Number crunchers and slum sums
Differences have broken out within the government on how many slum dwellers India really has
A disagreement has erupted between the urban development ministry and the census commissioner’s office over the recently released provisional results on slum population in India. At stake are the huge amounts doled out for slum development in the country.
For the first time, the census has attempted to collect data on the slum population of the country and put the number of slum dwellers at 40.6 million.
The urban development ministry has, however, chosen to reject the provisional data and termed it “defective” and “faulty”. The ministry claims that the slum population in the country should be between 61 million and 70 million in 2001.
The figure is important because it is used as the basis for preparing slum improvement and urban poverty alleviation programmes. In this case, the issue was raised when the fund allocations for the Valmiki Ambedkar Malin Basti Awas Yojana for urban slum dwellers, a scheme worth roughly Rs 3,000 crore, was under discussion.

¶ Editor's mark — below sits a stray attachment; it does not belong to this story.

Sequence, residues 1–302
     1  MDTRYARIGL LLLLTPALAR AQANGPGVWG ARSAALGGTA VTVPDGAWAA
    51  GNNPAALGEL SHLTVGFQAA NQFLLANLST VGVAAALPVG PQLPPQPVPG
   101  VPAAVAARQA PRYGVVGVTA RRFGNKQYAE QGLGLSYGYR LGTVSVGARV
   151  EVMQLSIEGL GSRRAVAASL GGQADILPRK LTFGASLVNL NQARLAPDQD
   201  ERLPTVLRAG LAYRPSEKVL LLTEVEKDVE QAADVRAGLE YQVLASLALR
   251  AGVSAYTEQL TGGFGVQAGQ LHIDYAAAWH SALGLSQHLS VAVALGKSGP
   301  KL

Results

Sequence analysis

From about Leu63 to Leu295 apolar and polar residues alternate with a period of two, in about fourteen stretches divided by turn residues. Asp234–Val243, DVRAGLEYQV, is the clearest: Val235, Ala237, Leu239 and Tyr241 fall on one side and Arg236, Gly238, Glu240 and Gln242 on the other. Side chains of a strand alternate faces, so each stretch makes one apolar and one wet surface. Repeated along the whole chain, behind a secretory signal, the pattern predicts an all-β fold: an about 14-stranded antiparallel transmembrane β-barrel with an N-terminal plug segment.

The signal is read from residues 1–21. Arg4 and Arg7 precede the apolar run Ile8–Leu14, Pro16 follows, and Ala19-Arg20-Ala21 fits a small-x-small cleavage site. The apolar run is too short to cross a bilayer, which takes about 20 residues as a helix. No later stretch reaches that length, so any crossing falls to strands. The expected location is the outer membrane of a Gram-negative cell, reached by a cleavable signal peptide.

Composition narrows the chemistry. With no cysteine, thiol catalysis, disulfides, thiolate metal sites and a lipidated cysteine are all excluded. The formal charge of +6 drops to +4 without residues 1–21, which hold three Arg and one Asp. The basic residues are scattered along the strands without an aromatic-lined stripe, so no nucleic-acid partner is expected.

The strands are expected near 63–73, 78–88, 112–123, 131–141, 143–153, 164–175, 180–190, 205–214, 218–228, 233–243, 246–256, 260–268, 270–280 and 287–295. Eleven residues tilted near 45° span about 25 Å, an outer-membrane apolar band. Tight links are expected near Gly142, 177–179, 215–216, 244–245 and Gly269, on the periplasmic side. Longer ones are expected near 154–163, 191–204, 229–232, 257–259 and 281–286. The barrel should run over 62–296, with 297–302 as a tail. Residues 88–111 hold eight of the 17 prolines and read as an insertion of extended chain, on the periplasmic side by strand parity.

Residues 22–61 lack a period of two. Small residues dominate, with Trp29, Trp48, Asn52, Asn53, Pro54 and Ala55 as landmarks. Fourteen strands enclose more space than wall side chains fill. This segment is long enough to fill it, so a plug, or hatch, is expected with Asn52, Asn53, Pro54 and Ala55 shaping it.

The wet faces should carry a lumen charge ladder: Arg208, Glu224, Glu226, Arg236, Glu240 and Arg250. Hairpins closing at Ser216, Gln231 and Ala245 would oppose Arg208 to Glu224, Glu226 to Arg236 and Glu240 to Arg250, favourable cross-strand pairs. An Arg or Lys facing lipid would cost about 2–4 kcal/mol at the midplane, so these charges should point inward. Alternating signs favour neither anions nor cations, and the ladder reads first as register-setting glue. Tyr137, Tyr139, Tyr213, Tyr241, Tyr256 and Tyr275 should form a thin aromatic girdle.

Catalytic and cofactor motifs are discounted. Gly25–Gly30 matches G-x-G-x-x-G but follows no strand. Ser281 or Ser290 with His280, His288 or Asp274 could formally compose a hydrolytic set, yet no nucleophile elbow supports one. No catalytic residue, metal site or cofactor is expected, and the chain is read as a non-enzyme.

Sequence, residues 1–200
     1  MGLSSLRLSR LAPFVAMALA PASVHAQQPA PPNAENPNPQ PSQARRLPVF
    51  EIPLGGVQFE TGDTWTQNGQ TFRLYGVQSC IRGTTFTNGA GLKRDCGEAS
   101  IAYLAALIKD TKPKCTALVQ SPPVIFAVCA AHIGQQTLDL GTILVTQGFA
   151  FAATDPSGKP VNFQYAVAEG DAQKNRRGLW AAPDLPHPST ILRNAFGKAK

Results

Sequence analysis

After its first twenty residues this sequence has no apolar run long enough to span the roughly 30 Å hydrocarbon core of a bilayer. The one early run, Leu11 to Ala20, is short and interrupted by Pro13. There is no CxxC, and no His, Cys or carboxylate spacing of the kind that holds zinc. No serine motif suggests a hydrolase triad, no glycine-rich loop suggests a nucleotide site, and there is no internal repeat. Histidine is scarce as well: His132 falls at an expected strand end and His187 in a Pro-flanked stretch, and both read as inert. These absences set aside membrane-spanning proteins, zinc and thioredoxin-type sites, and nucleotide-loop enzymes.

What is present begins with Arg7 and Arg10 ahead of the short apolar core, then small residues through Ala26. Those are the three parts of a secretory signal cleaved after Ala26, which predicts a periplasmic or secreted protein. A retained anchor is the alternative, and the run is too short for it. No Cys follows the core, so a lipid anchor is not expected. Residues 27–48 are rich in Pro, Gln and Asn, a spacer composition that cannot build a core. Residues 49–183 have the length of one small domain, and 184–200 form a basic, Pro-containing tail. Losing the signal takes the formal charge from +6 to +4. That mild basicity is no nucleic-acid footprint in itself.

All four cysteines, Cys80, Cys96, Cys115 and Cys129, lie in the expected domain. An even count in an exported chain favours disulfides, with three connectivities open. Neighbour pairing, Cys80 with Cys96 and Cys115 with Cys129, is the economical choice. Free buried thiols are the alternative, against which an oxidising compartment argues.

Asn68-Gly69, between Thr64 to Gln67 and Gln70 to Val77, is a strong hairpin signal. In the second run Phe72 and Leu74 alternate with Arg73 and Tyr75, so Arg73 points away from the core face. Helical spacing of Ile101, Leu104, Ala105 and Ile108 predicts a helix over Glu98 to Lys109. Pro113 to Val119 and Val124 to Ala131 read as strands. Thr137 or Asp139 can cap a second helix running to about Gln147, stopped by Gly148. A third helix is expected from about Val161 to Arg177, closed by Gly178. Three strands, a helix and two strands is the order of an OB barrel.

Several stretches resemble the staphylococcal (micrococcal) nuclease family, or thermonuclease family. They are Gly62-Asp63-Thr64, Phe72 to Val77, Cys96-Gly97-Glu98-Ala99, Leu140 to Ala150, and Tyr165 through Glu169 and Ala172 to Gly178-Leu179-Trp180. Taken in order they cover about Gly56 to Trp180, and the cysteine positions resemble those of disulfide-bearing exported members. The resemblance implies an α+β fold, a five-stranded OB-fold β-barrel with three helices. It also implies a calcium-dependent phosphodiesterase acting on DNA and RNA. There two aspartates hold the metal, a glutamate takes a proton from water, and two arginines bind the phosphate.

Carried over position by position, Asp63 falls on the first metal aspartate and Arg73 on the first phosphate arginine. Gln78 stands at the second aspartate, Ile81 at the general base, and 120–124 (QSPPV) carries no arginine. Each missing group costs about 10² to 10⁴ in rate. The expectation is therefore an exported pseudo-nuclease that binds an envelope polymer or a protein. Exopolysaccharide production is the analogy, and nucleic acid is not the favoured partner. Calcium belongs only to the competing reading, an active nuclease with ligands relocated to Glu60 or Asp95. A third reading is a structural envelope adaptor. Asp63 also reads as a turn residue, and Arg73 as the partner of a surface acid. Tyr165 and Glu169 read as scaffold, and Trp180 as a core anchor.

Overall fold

At the crux of the dispute over the numbers are two issues — the definition of a “slum” and the methodologies adopted to estimate slum population.
For purposes of the census, the census commissioner has collected information on slums only in cities that reported a population of over 50,000 in the 1991 census. These comprise what are referred to as Class I and Class II cities.
Areas considered slums are those that are notified as a “slum” by state or local governments in cases where a Slum Act exists. Besides this, areas recognised as a slum by state or local governments, but which may not have been formally notified as a slum under any Act, are also included.